If the nuisance is on-going, continue to make notes on the diary sheet and return it to be assessed when you have three weeks of entries. If you feel the problem is too serious to wait for three weeks, please contact us and an Officer may be able to arrange an earlier visit or other action.
We do not operate an out-of-hours nuisance service. If you have a serious problem out of normal working hours please contact us as soon as possible the following working day.
Records of any conversations you have had with the person(s) causing you the problem and letters sent or received should be kept. We may wish to see such correspondence; this will be returned to you.
On receipt of your diary sheet, an Officer will decide on the most appropriate course of action, this may be visits to your property to witness the nuisance or installing noise monitoring equipment. If a statutory nuisance has not been established after installing noise monitoring equipment twice or by the second Officer visit, this will mean the end of the investigation.
We can only take formal action if the problem is determined to be a statutory nuisance. An Abatement Notice will be served on the person responsible or the owner of the property, requiring them to abate the nuisance.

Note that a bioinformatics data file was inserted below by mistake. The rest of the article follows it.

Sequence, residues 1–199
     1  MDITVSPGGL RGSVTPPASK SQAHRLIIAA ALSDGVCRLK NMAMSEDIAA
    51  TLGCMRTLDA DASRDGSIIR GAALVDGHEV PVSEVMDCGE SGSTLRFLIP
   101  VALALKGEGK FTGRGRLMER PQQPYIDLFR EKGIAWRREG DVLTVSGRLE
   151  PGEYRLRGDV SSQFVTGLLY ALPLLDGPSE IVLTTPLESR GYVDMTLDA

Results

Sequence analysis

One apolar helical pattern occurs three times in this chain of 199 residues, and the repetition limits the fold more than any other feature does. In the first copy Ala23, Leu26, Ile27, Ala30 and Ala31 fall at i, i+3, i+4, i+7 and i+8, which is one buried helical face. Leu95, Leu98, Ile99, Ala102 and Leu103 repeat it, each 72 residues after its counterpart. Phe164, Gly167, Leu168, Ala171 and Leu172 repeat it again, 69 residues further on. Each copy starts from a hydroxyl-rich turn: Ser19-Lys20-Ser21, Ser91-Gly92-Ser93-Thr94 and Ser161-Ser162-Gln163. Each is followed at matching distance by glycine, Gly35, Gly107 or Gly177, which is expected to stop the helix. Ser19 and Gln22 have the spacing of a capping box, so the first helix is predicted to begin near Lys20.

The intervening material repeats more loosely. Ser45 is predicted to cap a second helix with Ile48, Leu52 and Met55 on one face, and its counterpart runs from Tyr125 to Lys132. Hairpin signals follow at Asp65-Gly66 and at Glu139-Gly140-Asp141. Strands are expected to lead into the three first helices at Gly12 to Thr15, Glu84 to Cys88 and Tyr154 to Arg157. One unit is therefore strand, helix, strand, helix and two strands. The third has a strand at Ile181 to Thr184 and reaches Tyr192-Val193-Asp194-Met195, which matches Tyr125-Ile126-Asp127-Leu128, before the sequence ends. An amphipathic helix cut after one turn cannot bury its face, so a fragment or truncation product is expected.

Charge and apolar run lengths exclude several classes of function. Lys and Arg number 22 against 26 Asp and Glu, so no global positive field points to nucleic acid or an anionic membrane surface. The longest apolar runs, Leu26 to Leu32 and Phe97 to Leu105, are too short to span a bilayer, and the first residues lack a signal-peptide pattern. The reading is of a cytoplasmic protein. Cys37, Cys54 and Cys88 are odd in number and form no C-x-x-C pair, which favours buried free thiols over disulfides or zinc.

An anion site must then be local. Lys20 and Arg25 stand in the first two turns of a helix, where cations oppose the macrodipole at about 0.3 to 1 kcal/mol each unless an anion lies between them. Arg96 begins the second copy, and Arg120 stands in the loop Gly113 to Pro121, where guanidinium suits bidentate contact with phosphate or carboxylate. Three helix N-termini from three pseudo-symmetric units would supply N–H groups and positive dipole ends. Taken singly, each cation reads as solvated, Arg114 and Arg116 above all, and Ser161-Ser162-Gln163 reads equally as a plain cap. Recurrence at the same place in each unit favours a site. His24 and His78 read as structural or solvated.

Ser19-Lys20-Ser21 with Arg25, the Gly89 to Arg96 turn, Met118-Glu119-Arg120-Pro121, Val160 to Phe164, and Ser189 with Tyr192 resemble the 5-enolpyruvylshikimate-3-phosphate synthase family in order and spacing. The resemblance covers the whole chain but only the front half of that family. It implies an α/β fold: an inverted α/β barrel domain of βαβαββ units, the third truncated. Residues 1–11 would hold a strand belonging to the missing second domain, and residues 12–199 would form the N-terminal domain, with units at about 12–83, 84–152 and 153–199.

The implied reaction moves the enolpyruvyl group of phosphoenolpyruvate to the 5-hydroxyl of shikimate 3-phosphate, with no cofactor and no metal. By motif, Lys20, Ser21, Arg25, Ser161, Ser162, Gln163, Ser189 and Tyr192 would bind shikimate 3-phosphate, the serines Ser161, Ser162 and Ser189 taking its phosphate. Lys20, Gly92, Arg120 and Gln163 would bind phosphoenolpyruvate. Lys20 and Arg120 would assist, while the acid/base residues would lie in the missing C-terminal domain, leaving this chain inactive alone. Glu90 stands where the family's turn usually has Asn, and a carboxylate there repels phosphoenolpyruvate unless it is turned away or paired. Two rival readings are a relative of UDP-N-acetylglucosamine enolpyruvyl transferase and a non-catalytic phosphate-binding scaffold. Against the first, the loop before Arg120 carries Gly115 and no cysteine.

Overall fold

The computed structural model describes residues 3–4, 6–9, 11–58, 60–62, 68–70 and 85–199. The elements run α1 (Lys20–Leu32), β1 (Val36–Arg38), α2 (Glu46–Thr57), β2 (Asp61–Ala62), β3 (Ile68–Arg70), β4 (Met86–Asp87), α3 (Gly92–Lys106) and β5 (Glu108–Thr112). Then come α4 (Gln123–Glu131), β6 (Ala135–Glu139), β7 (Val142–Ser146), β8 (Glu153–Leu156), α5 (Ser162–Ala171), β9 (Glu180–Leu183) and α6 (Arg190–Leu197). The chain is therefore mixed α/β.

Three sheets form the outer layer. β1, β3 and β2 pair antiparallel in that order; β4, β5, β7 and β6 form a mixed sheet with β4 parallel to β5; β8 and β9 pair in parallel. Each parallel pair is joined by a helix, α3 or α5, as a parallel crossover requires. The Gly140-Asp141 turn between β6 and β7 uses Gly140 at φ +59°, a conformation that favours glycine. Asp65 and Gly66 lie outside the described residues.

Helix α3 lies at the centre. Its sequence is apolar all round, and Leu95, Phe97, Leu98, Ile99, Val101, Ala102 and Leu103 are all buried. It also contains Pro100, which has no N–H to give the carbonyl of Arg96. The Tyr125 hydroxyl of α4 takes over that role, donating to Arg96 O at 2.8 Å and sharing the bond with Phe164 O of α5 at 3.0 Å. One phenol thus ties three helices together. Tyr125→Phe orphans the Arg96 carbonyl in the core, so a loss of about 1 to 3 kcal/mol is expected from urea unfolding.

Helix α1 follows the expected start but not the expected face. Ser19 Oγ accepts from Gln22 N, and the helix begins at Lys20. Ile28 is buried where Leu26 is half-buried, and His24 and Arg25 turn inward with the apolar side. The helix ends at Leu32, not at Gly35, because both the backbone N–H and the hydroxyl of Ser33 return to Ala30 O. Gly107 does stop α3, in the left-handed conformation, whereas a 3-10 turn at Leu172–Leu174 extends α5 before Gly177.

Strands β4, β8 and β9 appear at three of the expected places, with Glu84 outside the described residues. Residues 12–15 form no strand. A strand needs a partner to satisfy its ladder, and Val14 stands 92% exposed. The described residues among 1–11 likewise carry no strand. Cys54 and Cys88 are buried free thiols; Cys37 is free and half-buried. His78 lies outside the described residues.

If the Notice is ignored, prosecution may follow with a fine of up to £5,000 for nuisance from domestic properties, or up to £20,000 where commercial or industrial premises are involved.
You may be asked to provide a Witness Statement for use in Court should your complaint proceed to this stage. If you are not prepared to give a statement it is unlikely that we will be able to take formal action.
If, following investigation of the nuisance, formal action cannot be taken by us then you may wish to consider taking legal action yourself.
During an investigation your details cannot be revealed without your permission under the Data Protection Act 1998. However, if the case reaches the stage of going to Court and a statement is required from you to support any action taken by us your details can no longer be kept confidential.
If the problem is resolved before the investigation is concluded, please let us know.
What else you can try
In many cases the noise maker may not even be aware of the disturbance that they may be causing. Discuss the problem with them if you feel it is appropriate and safe to do so and try to come to a common understanding.
Contact the Somerset Mediation Service on 01823 352210. They may be able to help both parties reach an agreement.
You can complain about a noise nuisance problem direct to the Magistrates Court and take your own action under Section 82 of the Environmental Protection Act 1990. You may want to seek the advice of a solicitor and/or the Citizen's Advice Bureau before you do this.